The NHL previously gave $50,000 annual contributions to each league. When the CWHL folded, the NHL upped its contribution to the NWHL to $100,000.

"We've certainly seen a lot of the NHL's statements that have mentioned they would be prepared to step in if there is no viable option for women's ice hockey in North America," 2018 Olympic gold medalist Meghan Duggan told ESPN. "If that opportunity presents itself, I trust that they have a vision as well. If you look at what history tells us, it's that startup women's leagues are very successful when they're connected to an existing league. That's true throughout Europe, in women's soccer, the WNBA, and the NWSL with their support from U.S. Soccer. That's part of what we're looking for."

Duggan said that while "certainly the NHL makes a lot of sense," the women want a partner that will see the players' value and share their long-term vision.

"[The goal] is simply to work toward one viable league in North America, and we'll consider any proposal that addresses that," Duggan said.

Dani Rylan, the founder and commissioner of the NWHL, said the 2018-19 season was one of growth. Rylan says she wants to expand the league next season with franchises in Montreal and Toronto, though no formal details have been announced.

The 2019 NWHL All-Star Game in Nashville, Tennessee, drew 6,200 people -- the largest crowd for a pro women's hockey game in the United States. Combined, the skills challenge and All-Star Game generated more than one million viewers on Twitter. And in their first NWHL season as the league's first expansion team, the Minnesota Whitecaps sold out every home game; TRIA Rink in Saint Paul has a capacity of 1,200.

The NWHL does not disclose information about its budget or revenue. Only some of the investors are made public. That has been a point of contention for the NWHL Players' Association, especially in contract negotiations, in which it wanted to know how the league arrived at $100,000 for the salary cap.

Rylan told ESPN in April that she expects player salaries to increase for next season. The lowest-paid players made $2,500 for the season.

"We have two different business models," Rylan said when asked why the NWHL would succeed when the CWHL couldn't. "We are for-profit. We have the flexibility to sell our assets, whether it's at the league level or the team level, and I think that's fundamentally the biggest difference."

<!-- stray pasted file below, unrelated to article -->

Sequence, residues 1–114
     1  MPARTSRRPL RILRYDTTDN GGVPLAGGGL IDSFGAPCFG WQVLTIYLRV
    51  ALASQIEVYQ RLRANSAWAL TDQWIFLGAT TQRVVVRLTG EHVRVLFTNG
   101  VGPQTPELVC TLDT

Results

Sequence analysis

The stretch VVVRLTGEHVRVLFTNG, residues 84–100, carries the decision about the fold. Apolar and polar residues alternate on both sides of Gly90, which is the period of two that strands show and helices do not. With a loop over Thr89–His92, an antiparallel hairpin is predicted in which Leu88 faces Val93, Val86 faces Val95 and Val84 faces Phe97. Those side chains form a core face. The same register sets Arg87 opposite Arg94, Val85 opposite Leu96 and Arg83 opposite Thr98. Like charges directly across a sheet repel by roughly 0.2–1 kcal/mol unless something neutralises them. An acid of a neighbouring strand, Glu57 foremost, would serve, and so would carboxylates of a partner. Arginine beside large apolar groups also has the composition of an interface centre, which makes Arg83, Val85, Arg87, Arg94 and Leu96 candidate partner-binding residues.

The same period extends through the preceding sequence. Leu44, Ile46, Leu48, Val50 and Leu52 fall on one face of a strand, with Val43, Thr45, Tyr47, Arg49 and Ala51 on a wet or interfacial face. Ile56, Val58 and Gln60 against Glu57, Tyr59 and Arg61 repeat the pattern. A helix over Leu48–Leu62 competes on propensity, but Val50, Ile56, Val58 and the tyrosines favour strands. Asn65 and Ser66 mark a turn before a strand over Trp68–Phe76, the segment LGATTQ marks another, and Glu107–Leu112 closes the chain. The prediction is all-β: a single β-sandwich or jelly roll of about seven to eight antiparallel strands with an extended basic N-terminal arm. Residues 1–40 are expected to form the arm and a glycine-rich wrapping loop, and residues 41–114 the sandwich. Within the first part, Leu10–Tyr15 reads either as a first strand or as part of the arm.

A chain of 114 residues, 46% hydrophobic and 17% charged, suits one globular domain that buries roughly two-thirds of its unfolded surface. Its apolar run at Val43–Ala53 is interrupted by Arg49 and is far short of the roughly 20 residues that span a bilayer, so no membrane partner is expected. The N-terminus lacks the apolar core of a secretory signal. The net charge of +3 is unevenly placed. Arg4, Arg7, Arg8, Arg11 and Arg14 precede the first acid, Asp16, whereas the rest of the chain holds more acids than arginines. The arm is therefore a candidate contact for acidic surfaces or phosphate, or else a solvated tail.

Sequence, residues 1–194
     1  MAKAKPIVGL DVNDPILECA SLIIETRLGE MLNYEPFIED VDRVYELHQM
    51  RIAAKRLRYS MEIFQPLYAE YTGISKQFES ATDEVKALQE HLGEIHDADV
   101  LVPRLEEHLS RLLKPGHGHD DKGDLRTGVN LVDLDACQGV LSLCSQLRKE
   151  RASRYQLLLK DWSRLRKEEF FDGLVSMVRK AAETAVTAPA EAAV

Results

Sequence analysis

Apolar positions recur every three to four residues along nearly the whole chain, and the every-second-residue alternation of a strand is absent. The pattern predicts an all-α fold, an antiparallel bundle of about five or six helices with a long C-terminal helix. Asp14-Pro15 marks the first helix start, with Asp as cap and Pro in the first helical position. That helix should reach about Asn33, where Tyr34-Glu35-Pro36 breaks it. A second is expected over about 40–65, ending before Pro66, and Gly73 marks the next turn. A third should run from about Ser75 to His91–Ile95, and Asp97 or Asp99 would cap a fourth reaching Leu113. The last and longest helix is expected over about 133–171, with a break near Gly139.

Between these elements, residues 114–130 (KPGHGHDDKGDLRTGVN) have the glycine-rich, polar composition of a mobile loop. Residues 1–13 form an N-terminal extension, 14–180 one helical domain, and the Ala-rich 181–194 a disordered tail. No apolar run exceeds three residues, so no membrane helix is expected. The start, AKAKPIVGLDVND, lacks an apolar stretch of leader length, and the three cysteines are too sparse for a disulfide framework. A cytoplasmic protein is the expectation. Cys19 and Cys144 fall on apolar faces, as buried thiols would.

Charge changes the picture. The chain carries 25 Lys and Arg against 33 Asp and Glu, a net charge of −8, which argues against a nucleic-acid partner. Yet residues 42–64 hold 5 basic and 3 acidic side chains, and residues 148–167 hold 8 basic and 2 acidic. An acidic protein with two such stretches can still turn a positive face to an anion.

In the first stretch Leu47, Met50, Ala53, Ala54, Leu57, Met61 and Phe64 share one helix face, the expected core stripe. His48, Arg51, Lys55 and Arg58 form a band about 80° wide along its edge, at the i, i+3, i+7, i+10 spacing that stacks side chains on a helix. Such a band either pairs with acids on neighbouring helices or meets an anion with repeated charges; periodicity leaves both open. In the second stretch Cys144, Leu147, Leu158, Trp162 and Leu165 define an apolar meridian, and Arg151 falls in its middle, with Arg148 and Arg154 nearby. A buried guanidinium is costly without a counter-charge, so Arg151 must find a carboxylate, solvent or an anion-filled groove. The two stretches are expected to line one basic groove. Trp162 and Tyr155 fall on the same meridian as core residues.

Coyne Schofield commuted from Los Angeles to Minnesota to play for the Whitecaps last season.

"To be honest, the reason I wasn't in Minnesota full time was the compensation piece," Coyne Schofield said. "I wasn't willing to pack my bags up and move to Minnesota for the salary I was receiving. Am I worried about the game aspect? I am and I'm not. At the end of the day, the product we were receiving wasn't the best product in the world. So sometimes I second-guessed if it was fully beneficial to play in certain games. The tough part is going to be not being around teammates."

Coyne Schofield said players have begun talking about what next year will look like and how they can train without being in team settings.

Duggan said many of the Team USA players have been through something similar before, during their 2017 boycott for equity with USA Hockey. She said the legal team that they consulted with in 2017 has been "trusted advisers during this as well."

"There's certainly some similarities in terms of coming together and standing up for something you believe in, risking a lot in order to help grow the game and leave the game in a better spot than when you entered it," Duggan said.

Duggan, who sat out last season as she waits to be medically cleared, said all players understand the risk involved.

"We've all talked about it," Duggan said. "It's scary, it's uncertain, it can be uncomfortable. But that's a great thing, and that's a good thing, and it's awesome and exciting at the same time. It's life-changing and trailblazing, and for the greatest cause."